Monday, September 25, 2006

A little smarts can smart

…Screenwriter William Goldman famously once said of Hollywood: “Nobody knows anything.”

…Writing in the NYT (Sept 16, 2006), Jerry Avorn says many of the people who give you medical advice or run over and try to minister to you might not know the right things to do, either.

…He cites his own experience, when he suffered a jellyfish sting and lifeguards and passers-by all gave him the wrong, water, vinegar.

….A nurse came along and calmly removed the stinger, dripping with neurotoxins.

…Turns out--funny story--the distilled water poured on at first actually activates those poisons.

…Avorn, a drug tester at Harvard, says his research group constantly comes across effective treatments that are underused and poor-choice drugs that are widely prescribed.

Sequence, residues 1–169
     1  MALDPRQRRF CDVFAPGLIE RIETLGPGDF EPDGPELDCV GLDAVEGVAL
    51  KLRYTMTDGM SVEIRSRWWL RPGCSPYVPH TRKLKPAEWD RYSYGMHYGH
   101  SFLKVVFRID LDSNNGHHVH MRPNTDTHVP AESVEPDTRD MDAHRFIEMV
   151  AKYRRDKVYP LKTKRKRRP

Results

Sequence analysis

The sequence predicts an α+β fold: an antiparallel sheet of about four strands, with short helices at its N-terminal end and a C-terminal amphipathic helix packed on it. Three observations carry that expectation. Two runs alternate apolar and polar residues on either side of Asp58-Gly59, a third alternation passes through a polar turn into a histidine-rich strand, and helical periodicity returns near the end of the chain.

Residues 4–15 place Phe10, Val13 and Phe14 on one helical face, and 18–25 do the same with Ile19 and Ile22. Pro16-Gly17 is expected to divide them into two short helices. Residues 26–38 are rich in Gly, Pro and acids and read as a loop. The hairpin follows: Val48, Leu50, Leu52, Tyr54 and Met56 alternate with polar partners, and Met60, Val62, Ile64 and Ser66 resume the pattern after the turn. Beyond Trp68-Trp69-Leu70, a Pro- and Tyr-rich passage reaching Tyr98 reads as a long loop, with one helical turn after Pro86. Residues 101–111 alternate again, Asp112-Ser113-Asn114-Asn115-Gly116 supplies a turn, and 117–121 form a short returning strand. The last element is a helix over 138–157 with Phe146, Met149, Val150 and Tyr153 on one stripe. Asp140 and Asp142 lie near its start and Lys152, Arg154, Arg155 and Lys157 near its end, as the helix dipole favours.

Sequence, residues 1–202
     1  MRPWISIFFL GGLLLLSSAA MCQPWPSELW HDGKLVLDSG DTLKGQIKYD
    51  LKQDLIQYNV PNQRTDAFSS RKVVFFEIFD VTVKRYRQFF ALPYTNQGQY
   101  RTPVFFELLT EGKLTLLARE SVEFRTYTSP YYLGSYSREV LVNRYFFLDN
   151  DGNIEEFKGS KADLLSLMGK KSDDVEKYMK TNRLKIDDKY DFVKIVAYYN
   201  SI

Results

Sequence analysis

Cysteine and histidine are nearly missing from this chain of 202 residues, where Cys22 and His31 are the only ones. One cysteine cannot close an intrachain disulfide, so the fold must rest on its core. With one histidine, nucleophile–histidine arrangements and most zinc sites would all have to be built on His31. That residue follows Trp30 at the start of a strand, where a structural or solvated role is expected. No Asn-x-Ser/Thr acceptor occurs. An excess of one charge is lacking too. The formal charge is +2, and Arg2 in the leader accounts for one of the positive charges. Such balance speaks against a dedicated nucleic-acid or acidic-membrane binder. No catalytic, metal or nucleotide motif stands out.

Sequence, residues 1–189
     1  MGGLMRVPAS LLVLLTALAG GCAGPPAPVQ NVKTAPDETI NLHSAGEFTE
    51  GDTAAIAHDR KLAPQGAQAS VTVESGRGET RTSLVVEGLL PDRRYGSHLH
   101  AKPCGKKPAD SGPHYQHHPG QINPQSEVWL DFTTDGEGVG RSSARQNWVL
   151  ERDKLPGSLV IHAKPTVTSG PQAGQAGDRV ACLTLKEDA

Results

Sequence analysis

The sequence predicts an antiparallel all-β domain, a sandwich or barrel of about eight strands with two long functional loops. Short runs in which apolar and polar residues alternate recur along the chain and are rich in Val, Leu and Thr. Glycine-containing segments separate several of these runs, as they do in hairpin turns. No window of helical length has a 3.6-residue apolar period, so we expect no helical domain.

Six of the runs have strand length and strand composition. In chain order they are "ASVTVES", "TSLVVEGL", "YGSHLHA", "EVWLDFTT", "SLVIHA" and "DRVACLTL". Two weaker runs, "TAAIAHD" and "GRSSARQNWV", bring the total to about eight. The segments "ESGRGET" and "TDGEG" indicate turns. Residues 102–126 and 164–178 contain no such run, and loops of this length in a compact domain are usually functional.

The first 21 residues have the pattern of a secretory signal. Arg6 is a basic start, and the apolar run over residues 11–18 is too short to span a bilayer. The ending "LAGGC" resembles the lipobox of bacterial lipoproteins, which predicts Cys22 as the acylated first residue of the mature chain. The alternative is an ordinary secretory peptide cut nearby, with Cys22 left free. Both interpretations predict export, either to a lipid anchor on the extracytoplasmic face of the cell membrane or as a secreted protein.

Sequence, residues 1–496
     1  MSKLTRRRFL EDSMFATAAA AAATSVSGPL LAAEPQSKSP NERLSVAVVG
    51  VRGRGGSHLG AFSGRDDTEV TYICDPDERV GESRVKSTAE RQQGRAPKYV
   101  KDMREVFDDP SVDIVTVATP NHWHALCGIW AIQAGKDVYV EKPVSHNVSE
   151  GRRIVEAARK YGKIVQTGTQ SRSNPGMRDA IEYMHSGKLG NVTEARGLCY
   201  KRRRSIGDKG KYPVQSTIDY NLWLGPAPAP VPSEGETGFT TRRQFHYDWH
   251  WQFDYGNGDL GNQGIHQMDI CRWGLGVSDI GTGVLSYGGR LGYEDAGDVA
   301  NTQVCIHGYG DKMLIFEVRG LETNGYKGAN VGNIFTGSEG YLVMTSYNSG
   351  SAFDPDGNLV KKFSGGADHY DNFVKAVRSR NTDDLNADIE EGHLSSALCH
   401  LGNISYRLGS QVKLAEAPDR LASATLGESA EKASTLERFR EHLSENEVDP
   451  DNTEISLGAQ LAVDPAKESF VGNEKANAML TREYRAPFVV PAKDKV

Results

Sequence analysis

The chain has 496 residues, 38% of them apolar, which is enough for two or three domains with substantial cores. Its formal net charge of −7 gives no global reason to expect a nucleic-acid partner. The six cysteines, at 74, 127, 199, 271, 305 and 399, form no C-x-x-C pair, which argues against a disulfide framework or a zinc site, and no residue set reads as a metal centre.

…There is no coherent system, he says, for getting the word out to doctors on which is which.

…So often some of them may look at the glitzy promotional items the drug detailers just left them and think, “Hmmm, CuresIt is worth a try.”

…We need more studies comparing two drugs against each other, instead of one drug for effectiveness and safety.

…Usually drug companies like to compare their drug against a placebo, because the drugs usually win that way.

…In Pennsylvania there is a pilot project called the Independent Drug Information Service (, where researchers scan the medical research for the best evidence on how to treat a condition.

…Similar programs also exist in Canada and Australia.

…A little knowledge may not always be a dangerous thing.

...But a lot of knowledge is better.

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